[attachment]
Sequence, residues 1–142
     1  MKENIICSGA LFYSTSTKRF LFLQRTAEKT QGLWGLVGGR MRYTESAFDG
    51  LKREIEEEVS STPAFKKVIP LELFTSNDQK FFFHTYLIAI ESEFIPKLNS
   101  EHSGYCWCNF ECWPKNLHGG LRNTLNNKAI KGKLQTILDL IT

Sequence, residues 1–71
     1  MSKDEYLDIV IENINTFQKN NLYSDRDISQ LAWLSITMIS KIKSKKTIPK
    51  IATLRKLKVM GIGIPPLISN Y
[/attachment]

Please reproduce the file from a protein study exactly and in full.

Sequence, residues 1–142
     1  MKENIICSGA LFYSTSTKRF LFLQRTAEKT QGLWGLVGGR MRYTESAFDG
    51  LKREIEEEVS STPAFKKVIP LELFTSNDQK FFFHTYLIAI ESEFIPKLNS
   101  EHSGYCWCNF ECWPKNLHGG LRNTLNNKAI KGKLQTILDL IT

Sequence, residues 1–71
     1  MSKDEYLDIV IENINTFQKN NLYSDRDISQ LAWLSITMIS KIKSKKTIPK
    51  IATLRKLKVM GIGIPPLISN Y